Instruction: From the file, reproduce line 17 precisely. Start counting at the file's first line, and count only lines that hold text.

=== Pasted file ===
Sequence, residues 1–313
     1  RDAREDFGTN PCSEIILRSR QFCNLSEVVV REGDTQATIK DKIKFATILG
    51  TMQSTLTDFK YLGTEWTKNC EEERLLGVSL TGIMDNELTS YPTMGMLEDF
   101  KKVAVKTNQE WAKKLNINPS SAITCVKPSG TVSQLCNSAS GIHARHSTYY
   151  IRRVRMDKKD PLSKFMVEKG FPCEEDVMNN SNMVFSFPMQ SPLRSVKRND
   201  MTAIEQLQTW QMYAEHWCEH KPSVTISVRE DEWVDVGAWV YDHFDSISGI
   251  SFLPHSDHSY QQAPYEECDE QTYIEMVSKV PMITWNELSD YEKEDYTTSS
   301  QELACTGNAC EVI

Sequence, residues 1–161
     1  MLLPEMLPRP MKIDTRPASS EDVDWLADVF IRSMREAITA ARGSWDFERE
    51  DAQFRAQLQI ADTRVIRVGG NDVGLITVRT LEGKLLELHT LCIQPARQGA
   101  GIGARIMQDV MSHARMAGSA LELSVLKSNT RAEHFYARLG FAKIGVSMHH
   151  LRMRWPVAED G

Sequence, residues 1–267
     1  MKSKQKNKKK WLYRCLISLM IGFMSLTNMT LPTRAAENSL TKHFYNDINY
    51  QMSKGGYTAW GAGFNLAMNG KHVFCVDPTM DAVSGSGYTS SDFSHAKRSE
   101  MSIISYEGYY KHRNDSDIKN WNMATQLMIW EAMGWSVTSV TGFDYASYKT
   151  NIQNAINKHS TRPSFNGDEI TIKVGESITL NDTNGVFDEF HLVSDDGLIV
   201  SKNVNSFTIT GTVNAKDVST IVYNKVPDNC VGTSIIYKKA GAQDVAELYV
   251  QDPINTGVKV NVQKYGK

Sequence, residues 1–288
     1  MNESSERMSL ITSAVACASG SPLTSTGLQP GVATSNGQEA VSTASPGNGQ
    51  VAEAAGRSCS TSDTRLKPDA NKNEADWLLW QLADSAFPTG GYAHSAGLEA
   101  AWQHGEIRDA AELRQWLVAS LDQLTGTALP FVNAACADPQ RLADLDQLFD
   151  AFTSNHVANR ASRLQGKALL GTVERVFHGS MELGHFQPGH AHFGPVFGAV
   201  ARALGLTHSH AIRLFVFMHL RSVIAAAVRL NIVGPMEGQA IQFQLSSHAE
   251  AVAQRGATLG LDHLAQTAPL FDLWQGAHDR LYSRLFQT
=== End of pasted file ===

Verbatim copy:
   101  MSIISYEGYY KHRNDSDIKN WNMATQLMIW EAMGWSVTSV TGFDYASYKT